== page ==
Case Study: Operations Management Mcdonald

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Operations Management

McDonald's is a fast food restaurant and one of the world's most successful franchise chains. In spite of recent setbacks, challenging the company to reconsider its role in the marketplace and its brand identity, the company continues to thrive. McDonald's has restaurants in 6 continents and well over one hundred countries. Perhaps the greatest key to the success of the McDonald's model is Operations Management. Operations management has been a cornerstone for the success of the company because it informs the details in everyday operations, leading to the delivery of products to the customer. Ultimately, McDonald's is a service- and customer-oriented business that uses strategic operations management to manage expenses, retain customer loyalty, and create a consistent brand. Its delivery system is finely honed, and has been for many years. Even when McDonald's introduces new products to its stores, the delivery system remains the same. Likewise, recent changes to branding, advertising, and other marketing decisions have had little appreciable impact on actual store operations.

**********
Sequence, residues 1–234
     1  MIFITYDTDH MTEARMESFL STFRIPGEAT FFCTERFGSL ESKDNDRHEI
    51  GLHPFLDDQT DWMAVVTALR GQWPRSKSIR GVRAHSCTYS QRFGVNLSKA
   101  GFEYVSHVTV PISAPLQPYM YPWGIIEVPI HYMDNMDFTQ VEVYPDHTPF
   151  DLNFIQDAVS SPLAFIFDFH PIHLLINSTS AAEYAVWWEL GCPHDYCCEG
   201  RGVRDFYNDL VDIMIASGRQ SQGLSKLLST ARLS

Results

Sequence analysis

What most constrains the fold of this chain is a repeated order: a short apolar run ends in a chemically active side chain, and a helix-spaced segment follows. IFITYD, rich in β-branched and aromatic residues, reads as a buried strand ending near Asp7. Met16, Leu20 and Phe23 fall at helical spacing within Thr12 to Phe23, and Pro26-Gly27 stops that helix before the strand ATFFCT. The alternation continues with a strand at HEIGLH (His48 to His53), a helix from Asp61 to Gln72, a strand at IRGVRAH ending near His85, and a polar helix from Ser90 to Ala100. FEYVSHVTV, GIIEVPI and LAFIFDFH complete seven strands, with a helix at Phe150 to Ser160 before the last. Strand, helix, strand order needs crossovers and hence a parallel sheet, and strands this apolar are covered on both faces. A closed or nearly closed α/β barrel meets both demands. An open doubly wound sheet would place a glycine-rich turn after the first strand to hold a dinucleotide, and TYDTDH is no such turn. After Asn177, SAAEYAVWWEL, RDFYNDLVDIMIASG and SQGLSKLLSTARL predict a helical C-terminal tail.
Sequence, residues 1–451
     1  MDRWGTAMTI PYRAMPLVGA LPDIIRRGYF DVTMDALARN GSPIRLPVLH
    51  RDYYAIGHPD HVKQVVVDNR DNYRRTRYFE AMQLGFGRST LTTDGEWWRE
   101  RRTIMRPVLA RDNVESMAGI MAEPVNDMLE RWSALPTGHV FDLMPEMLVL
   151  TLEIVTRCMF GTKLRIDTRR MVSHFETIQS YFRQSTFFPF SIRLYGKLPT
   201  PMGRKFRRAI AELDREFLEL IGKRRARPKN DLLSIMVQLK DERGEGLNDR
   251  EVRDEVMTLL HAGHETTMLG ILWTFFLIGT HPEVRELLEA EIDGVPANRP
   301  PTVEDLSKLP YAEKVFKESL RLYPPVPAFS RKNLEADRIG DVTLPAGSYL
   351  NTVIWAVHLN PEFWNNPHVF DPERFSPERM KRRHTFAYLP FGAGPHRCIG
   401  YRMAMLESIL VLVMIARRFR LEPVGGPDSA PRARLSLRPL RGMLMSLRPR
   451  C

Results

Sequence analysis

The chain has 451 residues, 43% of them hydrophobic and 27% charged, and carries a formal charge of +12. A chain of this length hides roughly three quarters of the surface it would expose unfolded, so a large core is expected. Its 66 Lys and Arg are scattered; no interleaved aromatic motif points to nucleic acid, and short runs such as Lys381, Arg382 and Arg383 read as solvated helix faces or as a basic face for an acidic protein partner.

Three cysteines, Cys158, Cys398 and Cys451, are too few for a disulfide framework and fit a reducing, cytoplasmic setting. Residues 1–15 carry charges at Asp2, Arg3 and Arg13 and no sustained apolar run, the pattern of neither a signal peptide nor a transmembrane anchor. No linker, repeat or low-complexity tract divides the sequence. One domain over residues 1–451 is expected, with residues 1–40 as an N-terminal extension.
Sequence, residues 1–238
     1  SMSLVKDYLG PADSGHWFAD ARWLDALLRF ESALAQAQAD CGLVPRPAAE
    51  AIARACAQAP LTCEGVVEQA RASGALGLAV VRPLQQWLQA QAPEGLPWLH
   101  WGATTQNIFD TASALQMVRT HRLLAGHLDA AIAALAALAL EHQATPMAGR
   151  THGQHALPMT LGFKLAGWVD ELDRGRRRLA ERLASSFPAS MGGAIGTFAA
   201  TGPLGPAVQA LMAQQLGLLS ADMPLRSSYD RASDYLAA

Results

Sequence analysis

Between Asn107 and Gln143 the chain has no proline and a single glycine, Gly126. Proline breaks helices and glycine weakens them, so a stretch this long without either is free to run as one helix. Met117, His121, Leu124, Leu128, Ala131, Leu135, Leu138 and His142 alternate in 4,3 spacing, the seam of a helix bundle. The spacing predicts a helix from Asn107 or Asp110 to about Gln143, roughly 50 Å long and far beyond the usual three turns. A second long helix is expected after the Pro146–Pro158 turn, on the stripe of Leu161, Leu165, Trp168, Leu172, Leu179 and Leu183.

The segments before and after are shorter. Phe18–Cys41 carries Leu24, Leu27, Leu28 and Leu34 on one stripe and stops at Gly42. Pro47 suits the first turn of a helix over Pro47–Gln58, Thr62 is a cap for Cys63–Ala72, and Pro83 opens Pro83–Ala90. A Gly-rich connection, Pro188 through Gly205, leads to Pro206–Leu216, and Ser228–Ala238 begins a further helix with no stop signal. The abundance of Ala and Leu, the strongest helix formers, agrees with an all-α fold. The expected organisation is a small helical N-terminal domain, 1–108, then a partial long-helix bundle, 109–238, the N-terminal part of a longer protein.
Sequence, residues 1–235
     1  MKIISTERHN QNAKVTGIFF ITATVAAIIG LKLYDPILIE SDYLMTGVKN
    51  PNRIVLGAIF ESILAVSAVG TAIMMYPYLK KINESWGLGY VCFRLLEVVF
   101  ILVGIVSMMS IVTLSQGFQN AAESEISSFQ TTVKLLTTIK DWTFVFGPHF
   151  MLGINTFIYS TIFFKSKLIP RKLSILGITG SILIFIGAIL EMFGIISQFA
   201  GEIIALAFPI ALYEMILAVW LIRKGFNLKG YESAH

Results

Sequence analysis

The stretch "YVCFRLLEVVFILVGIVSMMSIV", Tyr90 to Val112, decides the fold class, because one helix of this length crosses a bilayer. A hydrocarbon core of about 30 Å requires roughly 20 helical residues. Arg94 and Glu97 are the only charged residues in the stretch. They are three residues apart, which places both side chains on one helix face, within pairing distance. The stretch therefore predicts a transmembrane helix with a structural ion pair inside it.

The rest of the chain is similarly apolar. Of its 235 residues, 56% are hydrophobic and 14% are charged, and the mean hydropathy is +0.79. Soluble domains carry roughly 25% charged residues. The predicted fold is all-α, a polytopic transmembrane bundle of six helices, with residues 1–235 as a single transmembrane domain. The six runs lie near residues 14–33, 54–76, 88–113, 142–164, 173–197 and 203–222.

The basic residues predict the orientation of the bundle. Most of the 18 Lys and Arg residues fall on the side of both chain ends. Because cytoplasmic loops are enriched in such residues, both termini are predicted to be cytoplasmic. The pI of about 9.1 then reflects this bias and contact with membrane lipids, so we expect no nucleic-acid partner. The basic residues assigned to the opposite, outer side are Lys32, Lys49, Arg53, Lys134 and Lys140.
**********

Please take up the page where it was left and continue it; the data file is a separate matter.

The strategic organization of issues like supply chain, production management, and staffing decisions is critical to the success of large-scale operations like McDonald's. The result of effective operations management is a smooth and efficient operation, core components of the fast food experience worldwide. Operations management is always a core "organization-wide activity rather than the prerogative of one department only," (Brown, Bessant & Lamming, 2013, p. 6). In the case of McDonald's, operations management at the organizational level ensures a level of standardization that is part of the restaurant's brand identity. From corporate headquarters to the smallest store in the smallest country, McDonald's operations management is dedicated to efficiency, consistency, and cost-effectiveness. McDonald's managers also make sure that operations are designed to meet the company's motto, which is Quality, Service, Cleanliness, and Value.

Customers appreciate the predictability of McDonald's restaurants, and the comfort in knowing that a McDonald's consumer experience will be standardized at any franchise around the world. Likewise, customers appreciate the speed at which orders are processed, which also requires sound operations management. Even when store managers add new items on the menu for local markets, the overall organizational package remains the same. These two core issues: predictability and speed are what underwrite the McDonald's operations management decisions.